Messianic Judaism is a religious movement whose adherents believe that Jesus of Nazareth, whom they call "Yeshua," is both the resurrected Jewish Messiah and their Divine Savior.

Messianic Jews consider themselves to be Jewish.


Do you think that Jews who believe Jesus to be the Mashiach, the same as Reform or...Chabad?

How about the Catholic priest who converted from Judaism? He would be considered "Jewish" by Israel's MoJ as well.

Rafi G said...

what is the difference in believing a dead rebbi is mashiach than believing Jesus is? obviously it is debatable, but if you ban her, be prepared to have a pla to draw a line that will allow the chidon to continue and not be cancelled due to legal problems and societal problems.

Jameel @ The Muqata said...

Rafi: I'm sure that Dr. David Berger would agree with you about Chabad Messianics.

I can even see your thesis that the chidon be canceled due to legal and societal problems -- coming to fruition.

mother in israel said...

I think Yad leAchim is making a mistake. Calling attention to it is just going to get her a lot of sympathy and attention from the media. Watch for interviews with her and her family all over the place.

My son said that Bat-El is the representative of the "chiloni" track. One spot is saved for them, because they generally get much lower scores than those from the religious track. Her chances of winning are slim.

Jameel @ The Muqata said...

MoI: I think you're right. Yad L'Achim should fight the battles it can win (there are so many...)

I'm positive the media will have a field day with the "oppressed, secular minority girl" -- just the sort of thing YNET and Haaretz will lap up.

YMedad said...

And if she wins...

...and makes the sign of the cross?

Just kidding, only Catholics do that.

But it reminds me of a joke I heard in 1966. Two Israelis are discussing the economic problems (any of you recall the mittun?) and one suggets that Israel make war on the the U.S.. The other aks, 'how will that help'? and the reply is that just like Germany, it lost and then got the Marshall Plan and is now an economic giant. And the doubtful Israeli then murmurs, 'but if we win'?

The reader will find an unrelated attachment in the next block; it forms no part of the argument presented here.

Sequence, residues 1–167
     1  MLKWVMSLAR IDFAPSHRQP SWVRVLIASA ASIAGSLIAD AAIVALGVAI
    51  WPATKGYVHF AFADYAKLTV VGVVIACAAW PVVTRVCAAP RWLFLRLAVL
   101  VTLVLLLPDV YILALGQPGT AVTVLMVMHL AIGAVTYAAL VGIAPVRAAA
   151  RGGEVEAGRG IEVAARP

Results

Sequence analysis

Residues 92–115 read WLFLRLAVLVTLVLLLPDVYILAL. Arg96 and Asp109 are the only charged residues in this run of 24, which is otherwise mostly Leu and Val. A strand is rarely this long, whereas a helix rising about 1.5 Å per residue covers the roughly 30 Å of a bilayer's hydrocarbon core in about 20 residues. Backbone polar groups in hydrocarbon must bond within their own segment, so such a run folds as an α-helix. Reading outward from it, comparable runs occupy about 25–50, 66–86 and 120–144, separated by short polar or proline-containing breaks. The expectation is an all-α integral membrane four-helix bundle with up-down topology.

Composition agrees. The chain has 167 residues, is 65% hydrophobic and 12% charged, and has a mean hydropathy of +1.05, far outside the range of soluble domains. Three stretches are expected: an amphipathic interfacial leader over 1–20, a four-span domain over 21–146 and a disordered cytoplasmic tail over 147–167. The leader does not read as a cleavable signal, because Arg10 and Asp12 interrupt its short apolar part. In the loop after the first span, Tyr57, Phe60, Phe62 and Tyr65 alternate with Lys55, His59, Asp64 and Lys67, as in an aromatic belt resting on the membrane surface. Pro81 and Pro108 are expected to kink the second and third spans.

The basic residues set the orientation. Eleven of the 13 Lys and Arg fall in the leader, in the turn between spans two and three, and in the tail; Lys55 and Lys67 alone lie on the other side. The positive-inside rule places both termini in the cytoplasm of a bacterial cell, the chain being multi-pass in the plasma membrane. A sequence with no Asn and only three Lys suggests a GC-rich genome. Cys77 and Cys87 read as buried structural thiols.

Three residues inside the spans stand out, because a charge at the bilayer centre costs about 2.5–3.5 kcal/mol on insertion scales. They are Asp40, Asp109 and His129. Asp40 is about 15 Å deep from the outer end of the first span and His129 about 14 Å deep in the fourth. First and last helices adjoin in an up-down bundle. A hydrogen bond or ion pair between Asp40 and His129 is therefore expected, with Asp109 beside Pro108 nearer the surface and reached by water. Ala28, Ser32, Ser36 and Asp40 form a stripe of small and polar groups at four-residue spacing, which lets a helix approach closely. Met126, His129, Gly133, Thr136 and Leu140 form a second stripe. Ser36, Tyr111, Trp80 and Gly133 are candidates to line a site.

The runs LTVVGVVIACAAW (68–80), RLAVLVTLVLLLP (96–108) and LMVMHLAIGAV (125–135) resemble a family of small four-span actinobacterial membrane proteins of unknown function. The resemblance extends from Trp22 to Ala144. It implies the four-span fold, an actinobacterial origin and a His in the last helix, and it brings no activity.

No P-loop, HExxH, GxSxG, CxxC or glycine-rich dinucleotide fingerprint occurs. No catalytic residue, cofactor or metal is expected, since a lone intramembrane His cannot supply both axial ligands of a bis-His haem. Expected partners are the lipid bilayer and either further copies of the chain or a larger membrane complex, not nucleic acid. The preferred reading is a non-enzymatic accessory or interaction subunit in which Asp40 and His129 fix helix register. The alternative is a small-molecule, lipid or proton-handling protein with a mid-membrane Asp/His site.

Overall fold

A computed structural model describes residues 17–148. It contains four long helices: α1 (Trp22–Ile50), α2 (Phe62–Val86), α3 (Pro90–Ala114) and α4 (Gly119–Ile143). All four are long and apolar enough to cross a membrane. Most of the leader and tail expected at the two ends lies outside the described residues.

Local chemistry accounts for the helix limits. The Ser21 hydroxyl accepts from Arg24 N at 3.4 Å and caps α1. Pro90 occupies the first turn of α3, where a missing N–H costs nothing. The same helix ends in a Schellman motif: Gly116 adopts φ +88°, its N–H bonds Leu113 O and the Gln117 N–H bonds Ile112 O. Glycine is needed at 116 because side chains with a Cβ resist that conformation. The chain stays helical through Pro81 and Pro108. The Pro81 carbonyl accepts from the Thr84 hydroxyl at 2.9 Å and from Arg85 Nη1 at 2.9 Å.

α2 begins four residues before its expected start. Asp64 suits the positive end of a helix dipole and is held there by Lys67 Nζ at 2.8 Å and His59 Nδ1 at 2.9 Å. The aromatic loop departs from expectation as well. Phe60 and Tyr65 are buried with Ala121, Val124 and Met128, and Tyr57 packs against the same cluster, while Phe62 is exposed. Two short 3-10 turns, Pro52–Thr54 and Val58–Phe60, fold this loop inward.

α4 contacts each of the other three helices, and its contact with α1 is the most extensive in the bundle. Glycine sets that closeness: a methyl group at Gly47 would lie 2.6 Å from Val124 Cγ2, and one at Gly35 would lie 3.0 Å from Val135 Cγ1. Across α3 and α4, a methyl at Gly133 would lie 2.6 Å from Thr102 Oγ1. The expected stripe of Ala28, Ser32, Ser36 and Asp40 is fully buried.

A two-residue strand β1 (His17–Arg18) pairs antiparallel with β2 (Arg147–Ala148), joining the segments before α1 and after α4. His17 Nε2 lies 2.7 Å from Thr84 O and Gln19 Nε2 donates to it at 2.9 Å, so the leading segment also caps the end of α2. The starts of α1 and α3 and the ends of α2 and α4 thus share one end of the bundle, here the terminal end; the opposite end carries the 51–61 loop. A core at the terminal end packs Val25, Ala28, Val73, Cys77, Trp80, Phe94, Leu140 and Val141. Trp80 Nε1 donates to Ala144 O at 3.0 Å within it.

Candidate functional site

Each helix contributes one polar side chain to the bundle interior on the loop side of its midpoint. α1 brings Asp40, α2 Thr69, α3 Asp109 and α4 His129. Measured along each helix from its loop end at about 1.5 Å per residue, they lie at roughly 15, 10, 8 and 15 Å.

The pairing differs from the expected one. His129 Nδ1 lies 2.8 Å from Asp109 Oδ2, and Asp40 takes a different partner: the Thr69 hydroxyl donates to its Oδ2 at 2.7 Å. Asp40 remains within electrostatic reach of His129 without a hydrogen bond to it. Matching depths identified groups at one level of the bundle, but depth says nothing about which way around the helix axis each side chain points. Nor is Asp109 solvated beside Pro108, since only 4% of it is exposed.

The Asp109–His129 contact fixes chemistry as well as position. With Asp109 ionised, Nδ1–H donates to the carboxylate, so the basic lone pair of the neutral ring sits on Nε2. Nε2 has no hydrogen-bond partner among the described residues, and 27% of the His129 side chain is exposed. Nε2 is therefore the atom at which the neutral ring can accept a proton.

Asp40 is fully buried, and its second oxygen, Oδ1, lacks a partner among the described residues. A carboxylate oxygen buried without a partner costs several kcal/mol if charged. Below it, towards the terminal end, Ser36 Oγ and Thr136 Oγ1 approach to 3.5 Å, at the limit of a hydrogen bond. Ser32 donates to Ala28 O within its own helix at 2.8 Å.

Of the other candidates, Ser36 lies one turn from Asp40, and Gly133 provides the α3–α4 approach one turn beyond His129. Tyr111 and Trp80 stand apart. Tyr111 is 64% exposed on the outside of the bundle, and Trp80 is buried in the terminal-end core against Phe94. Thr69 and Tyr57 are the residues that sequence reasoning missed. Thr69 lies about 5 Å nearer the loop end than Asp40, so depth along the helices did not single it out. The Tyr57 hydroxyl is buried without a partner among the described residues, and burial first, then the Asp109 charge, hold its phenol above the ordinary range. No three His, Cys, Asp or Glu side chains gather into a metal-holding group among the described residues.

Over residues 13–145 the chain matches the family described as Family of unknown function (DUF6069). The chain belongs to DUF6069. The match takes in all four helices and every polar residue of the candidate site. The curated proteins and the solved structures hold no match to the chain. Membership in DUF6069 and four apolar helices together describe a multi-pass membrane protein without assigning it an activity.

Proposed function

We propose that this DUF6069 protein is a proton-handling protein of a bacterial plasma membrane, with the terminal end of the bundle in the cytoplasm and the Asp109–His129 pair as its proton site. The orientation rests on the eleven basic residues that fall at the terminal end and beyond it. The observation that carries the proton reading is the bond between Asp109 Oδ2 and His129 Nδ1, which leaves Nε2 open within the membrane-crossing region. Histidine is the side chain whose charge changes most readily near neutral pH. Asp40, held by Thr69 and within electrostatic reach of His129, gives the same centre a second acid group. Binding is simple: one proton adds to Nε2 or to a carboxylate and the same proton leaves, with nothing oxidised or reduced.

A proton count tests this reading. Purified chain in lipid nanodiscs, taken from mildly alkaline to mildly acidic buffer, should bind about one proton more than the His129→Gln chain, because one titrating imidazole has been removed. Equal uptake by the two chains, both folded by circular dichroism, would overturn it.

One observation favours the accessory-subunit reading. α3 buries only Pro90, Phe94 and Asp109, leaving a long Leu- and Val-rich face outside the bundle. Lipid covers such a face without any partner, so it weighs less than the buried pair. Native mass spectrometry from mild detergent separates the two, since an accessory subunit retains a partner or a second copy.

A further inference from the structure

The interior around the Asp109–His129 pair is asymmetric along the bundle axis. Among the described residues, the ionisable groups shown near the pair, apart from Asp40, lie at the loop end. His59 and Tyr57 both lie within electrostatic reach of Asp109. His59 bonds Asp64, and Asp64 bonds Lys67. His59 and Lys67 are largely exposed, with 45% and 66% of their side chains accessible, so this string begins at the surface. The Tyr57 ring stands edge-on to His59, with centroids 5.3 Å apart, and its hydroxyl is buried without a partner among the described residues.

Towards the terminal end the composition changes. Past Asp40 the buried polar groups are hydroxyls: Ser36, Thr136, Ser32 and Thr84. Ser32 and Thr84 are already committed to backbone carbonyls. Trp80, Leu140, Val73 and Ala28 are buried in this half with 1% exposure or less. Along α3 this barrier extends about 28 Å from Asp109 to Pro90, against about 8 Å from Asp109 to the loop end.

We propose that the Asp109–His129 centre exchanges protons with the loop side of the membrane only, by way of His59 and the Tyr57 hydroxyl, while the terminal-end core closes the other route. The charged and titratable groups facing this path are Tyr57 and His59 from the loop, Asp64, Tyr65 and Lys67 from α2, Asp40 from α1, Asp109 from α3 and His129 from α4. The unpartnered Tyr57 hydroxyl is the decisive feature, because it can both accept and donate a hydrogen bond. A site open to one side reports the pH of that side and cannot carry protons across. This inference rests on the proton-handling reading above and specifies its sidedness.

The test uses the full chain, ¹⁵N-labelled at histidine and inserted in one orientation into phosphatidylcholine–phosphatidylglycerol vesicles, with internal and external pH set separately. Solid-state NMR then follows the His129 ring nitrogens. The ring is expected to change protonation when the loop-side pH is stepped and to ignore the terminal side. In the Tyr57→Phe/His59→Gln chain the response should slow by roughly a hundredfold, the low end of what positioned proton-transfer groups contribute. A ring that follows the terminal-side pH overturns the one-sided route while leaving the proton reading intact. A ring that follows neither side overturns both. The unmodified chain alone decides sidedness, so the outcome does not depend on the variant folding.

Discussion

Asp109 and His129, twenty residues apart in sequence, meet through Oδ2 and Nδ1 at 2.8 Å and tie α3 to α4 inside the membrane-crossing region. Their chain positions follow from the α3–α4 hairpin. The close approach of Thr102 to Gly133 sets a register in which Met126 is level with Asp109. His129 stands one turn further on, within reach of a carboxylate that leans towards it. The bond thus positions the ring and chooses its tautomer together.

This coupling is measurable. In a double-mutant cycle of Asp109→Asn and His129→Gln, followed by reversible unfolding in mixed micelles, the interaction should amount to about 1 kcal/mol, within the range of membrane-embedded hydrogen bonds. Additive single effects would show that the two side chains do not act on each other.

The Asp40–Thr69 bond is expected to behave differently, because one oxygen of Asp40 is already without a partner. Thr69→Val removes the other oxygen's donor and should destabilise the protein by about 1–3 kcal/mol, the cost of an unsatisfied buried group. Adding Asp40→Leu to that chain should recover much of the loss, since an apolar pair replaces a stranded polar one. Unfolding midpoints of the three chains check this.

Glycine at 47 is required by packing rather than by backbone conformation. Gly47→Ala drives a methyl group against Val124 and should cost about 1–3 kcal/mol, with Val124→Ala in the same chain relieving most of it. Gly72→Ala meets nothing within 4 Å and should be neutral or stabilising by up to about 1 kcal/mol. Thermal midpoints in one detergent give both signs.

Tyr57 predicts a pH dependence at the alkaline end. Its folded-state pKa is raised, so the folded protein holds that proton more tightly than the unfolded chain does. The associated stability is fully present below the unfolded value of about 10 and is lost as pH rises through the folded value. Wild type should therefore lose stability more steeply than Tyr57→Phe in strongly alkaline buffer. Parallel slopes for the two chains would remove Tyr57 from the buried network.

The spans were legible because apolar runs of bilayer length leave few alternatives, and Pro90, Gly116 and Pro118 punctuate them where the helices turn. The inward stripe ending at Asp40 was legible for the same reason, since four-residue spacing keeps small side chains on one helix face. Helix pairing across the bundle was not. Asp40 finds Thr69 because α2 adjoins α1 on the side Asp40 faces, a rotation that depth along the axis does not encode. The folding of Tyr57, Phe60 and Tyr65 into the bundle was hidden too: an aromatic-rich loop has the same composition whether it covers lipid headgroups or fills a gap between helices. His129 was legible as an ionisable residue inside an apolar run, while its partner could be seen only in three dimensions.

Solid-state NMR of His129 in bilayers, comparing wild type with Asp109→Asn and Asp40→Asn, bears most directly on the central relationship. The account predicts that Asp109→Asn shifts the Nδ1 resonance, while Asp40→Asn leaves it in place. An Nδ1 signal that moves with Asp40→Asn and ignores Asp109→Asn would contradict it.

ellen said...

She may very well win, because evangelical Christians (which include messianics) are very adept at Bible study. Although,this is most likely a PR stunt to draw attention to the poor persecuted messianics (Calev Myers of JIJ,org,il is probably behind this)Yad l'achim should tread carefully and think well before they act.

Some ideas to consider:
a) the politically correct approach: change the rules to include Christian youth. Make it an international/ interfaith Bible contest
b) the polite, but truthful approach: introduce her as a Christian contestant - the child of Jewish converts to Christianity who reside in israel (this is the great compromise, as it exposes her and her family for what they are -without destroying the child - and exposes us for being a very stupid and confused people)
c) the proper (strict or lenient) halachic approach. Have a very well-spoken and respected rav (like Simcha Kook) stand up like a mensch, and issue a proper ruling which deals with the
issue of apostasy in Eretz Yisrael. He should either allow her to compete or politely forbid her participation. But at any rate the people of Israel will get a proper education on the matter and view the rabbinate in a critical, thoughtful and positive light.
d) the idiotic approach: Have a gang of hareidim yell, spit, and burn trash cans outside of the bible contest (and make sure the international media is there)

Jameel @ The Muqata said...